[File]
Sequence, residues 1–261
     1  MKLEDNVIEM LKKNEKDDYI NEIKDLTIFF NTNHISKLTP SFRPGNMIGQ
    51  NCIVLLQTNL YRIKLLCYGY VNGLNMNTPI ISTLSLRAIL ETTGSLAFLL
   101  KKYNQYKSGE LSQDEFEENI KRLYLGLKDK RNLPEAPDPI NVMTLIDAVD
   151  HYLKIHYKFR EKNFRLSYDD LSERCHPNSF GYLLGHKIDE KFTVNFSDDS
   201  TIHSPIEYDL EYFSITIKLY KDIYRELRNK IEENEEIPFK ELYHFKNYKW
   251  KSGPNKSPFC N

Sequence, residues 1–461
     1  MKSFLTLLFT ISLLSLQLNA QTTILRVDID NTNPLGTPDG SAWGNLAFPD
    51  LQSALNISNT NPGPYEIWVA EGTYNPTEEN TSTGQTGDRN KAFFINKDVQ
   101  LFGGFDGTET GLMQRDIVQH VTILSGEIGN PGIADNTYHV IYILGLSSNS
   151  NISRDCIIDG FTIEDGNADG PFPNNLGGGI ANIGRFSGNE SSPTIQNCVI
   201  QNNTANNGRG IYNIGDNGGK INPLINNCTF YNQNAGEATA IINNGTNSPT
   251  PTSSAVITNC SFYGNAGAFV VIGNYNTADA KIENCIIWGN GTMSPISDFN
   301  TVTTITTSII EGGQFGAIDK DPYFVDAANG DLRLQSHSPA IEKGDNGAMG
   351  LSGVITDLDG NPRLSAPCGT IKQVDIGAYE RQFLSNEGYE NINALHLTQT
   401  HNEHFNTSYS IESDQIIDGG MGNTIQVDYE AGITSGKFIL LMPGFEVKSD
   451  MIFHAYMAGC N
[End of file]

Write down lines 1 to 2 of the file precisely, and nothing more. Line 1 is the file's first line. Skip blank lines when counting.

Sequence, residues 1–261
     1  MKLEDNVIEM LKKNEKDDYI NEIKDLTIFF NTNHISKLTP SFRPGNMIGQ